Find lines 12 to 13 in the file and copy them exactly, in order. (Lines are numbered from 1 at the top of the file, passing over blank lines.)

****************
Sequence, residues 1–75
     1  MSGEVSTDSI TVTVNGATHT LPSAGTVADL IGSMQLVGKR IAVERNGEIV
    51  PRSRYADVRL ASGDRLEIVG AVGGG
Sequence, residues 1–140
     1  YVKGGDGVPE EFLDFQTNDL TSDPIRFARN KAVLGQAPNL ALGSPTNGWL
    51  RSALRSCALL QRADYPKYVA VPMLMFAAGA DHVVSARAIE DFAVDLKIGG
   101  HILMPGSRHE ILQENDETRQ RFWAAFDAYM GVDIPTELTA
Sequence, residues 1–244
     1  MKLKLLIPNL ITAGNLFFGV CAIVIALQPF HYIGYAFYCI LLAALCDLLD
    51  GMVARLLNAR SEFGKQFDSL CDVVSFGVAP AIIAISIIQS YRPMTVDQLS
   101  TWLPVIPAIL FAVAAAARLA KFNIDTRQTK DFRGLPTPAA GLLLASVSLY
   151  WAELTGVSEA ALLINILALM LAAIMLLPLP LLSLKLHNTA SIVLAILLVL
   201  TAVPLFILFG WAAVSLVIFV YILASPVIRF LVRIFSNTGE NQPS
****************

   151  WAELTGVSEA ALLINILALM LAAIMLLPLP LLSLKLHNTA SIVLAILLVL
   201  TAVPLFILFG WAAVSLVIFV YILASPVIRF LVRIFSNTGE NQPS